Despite a looming deadline, the CMS has yet to provide physicians enough information to decide whether to participate in an ambitious initiative meant to improve primary care by placing physician practices in risk-based payment agreements. Lobbying groups say the CMS is not being transparent on just how much doctors may lose if they aren't successful meeting goals and that could affect participation in the program.
The CMS said it would release information on how it would calculate payments under the Comprehensive Primary Care Plus (CPC+) demonstration. But there's been nothing so far, despite the deadline for application ending on Sept. 15.
“Obviously, it is difficult, if not impossible, for provider practices to decide responsibly whether or not they can or should participate in the CPC+ demonstration…when they do not know to what extent they will be at risk for repaying all or a portion of their prepaid amounts to CMS,” Donald Fisher, president and CEO of the American Medical Group Association said in an August 24 letter to the CMS.
A CMS spokesman said the agency does not share AMGA's concerns about depressed involvement despite getting close to the deadline and added the agency had received robust interest from physicians and physician organizations. The CMS also has released plenty of other information for practices to educate themselves on about the demonstration, the spokesman said.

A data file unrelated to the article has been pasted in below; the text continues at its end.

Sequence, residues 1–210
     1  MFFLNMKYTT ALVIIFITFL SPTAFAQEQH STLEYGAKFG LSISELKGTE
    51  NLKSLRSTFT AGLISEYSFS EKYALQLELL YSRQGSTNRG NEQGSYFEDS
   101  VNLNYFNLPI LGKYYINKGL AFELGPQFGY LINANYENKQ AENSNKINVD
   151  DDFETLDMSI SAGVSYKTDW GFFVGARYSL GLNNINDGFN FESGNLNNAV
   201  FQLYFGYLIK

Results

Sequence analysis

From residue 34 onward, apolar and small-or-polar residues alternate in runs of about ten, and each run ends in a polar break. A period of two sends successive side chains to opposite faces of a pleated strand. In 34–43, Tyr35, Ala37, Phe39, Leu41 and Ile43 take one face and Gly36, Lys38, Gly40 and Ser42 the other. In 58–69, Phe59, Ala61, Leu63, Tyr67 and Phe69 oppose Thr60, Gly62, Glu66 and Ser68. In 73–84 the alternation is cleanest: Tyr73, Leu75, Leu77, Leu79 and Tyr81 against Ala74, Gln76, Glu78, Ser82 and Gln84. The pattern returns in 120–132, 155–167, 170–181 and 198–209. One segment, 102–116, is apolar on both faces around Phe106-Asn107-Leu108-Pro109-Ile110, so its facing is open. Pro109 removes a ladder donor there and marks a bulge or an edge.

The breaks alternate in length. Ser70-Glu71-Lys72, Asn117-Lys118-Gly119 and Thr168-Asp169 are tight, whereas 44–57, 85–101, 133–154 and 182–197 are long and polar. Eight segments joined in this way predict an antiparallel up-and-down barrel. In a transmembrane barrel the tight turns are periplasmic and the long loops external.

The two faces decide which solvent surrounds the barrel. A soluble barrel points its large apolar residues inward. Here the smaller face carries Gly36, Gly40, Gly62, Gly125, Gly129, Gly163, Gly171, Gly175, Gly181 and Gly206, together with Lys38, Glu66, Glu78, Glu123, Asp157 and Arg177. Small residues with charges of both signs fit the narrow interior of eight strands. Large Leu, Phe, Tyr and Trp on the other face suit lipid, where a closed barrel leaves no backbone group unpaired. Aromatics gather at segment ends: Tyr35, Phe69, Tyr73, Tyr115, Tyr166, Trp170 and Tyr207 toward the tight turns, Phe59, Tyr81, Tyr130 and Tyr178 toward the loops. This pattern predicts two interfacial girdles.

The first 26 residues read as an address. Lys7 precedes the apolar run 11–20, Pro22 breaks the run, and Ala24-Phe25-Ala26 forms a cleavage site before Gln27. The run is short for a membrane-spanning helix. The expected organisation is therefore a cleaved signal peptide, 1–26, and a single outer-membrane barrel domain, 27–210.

The agency is banking on the initiative, which includes a higher risk track, to save about $2 billion over the course of the five-year program.
Under CPC+, the CMS and other insurers would pay physicians a monthly fee for patient primary-care visits. The CMS had estimated that up to 5,000 primary-care practices serving an estimated 3.5 million beneficiaries could participate in the model.
The new model aims to improve health outcomes and lower cost not only for Medicare beneficiaries, but also consumers enrolled in commercial plans and other coverage options, such as insurer-managed Medicaid plans.
CPC+ has two tracks. Under track one, providers receive a monthly fee for specific services in addition to the fee-for-service Medicare payments.
In track two, practices will receive an upfront monthly care-management fee and reduced fee-for-service payments. This hybrid model is designed to let practices provide care outside of the traditional face-to-face encounter, the agency said.
A CMS spokesman said the agency plans to release two papers: one describing the track two hybrid payment methodology, the other describing the performance-based incentive payment methodology. He said they would be released as soon as possible but could not say when.
David Introcaso, senior director for regulatory and public policy for AMGA said he was told they wouldn't be released until later this fall, after the deadline for applications.
Skeptics have already said the CPC+ program faces potential regulatory hurdles and bad experiences with an earlier pilot program. Experts say the model also could steer providers away from alternate payment models like accountable care organizations.
The CMS wants to launch the initiative in 14 regions. Entire states in the project include Arkansas, Colorado, Hawaii, Michigan, Montana, New Jersey, Oklahoma, Oregon, Rhode Island and Tennessee. The markets for CPC+ were chosen based on density and interest shown by practices and payers.